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An Angus Reid survey found that Canadians increasingly feel their communities are unsafe, and that they are skeptical that alternatives to incarceration can change behaviour.

JOHN LEHMANN/JOHN LEHMANN/THE GLOBE AND MAIL

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Canadians who like to think of themselves as holding progressive attitudes are increasingly embracing a hard line on crime and punishment that includes rising approval of capital punishment. This hardening attitude is revealed in a new international survey that found 62 per cent of Canadians polled favour the death penalty for murderers.

In 2004, a similar poll showed 48 per cent in favour of executing convicted killers. The results of the survey, which finds interesting parallels and differences with U.S. and U.K. opinions, are certain to buoy the federal Conservative government, which has strongly identified itself with tough-on-crime policies such as mandatory minimum prison terms.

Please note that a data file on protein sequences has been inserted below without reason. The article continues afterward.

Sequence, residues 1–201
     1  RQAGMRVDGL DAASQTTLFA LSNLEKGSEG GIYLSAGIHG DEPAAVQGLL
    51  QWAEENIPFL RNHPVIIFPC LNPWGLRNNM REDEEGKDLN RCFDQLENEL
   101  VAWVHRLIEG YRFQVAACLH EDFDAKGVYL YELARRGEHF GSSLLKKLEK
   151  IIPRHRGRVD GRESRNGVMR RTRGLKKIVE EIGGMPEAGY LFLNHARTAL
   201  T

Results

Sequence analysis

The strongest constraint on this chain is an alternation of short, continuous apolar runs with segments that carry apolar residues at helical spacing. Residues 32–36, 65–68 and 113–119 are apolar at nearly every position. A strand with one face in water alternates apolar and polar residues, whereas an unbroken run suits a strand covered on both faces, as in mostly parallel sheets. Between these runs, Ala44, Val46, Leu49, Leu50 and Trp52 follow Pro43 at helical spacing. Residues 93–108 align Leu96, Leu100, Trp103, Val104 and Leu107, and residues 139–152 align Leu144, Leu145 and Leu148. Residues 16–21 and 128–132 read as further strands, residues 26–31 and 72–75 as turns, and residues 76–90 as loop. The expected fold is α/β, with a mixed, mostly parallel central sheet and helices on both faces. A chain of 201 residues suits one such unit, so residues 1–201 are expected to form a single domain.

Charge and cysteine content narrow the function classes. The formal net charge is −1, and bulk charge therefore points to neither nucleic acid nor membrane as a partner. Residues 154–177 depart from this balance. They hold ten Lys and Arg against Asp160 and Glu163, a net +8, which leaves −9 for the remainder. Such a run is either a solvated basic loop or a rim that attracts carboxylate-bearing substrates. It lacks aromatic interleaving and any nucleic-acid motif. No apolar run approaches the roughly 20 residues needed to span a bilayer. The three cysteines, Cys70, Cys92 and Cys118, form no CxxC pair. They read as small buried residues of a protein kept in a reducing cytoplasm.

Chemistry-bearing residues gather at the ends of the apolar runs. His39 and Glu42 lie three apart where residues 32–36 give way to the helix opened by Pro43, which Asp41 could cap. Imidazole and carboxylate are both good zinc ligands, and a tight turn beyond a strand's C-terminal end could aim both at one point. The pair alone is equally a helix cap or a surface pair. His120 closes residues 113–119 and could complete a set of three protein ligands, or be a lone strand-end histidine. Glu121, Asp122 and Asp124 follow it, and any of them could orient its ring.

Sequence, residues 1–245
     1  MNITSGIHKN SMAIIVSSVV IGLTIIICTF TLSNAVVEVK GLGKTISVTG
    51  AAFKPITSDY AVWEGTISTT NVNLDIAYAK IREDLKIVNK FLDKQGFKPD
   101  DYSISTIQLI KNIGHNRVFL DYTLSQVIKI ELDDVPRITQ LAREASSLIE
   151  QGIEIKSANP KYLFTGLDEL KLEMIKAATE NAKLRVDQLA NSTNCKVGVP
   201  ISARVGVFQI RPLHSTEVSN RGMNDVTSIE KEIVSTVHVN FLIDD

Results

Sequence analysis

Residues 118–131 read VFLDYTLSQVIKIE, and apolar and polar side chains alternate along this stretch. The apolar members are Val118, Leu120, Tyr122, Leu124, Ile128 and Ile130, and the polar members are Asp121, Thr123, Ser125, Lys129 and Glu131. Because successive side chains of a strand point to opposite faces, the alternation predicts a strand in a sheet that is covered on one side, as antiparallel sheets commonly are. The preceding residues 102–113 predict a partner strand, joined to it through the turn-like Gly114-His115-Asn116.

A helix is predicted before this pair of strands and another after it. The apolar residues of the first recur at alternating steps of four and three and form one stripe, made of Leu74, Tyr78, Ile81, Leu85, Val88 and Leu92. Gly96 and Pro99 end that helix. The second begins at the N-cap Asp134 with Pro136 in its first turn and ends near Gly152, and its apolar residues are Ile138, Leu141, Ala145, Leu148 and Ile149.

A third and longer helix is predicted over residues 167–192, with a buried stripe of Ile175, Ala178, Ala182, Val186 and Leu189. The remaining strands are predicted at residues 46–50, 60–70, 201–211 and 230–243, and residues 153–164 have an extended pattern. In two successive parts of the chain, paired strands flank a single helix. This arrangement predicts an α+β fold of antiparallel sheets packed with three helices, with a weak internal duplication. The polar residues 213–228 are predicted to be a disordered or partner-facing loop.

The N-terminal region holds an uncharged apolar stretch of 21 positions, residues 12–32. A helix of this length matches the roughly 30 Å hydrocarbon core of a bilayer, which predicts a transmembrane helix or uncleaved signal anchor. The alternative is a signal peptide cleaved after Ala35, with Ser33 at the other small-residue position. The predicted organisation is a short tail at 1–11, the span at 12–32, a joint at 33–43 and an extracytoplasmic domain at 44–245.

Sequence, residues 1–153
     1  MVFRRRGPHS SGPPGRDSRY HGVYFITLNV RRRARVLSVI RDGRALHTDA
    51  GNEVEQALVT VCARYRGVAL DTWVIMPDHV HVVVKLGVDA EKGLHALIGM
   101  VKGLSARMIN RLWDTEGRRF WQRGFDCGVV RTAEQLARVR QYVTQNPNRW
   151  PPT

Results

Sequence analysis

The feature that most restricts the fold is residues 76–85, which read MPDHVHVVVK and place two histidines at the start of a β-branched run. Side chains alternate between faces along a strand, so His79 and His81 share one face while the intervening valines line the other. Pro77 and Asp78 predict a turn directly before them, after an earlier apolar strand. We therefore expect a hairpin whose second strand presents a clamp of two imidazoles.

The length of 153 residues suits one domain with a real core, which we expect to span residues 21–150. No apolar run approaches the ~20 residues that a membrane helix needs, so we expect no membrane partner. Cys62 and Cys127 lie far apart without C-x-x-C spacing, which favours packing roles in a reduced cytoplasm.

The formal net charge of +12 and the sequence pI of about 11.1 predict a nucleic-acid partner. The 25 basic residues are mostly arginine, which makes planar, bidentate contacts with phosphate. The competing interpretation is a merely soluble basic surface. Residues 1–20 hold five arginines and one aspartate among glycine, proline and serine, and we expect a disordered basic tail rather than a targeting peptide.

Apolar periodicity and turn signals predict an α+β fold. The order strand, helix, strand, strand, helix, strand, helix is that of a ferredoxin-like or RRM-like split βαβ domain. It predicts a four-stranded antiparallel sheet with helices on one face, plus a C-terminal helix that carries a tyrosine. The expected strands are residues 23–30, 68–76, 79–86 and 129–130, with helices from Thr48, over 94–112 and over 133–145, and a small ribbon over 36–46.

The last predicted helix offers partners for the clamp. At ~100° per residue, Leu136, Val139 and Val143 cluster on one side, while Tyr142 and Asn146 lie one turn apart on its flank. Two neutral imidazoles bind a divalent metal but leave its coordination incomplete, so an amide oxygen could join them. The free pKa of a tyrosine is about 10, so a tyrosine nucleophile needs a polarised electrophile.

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The survey also raises the perplexing question of whether high-profile wrongful conviction cases may create more, not less support for death penalty.

Join Craig Jones of the John Howard Society and The Globe and Mail's justice reporter Kirk Makin at 11 a.m. ET Friday for a discussion on the study and what it could mean for Canada's justice system.

As executive director of the John Howard Society of Canada, Craig Jones has for many years been one of the country's leading advocates for prison reform and the humane treatment of inmates. Mr. Jones lives in Kingston, Ont., a city that houses seven federal penitentiaries.

Kirk Makin has been reporting on Canada's justice system for The Globe and Mail since 1986 and has covered numerous high-profile trials including Henry Morgentaler, Paul Bernardo and Guy Paul Morin. He has written thousands of stories about the legal system, including the Supreme Court of Canada and its judgments.

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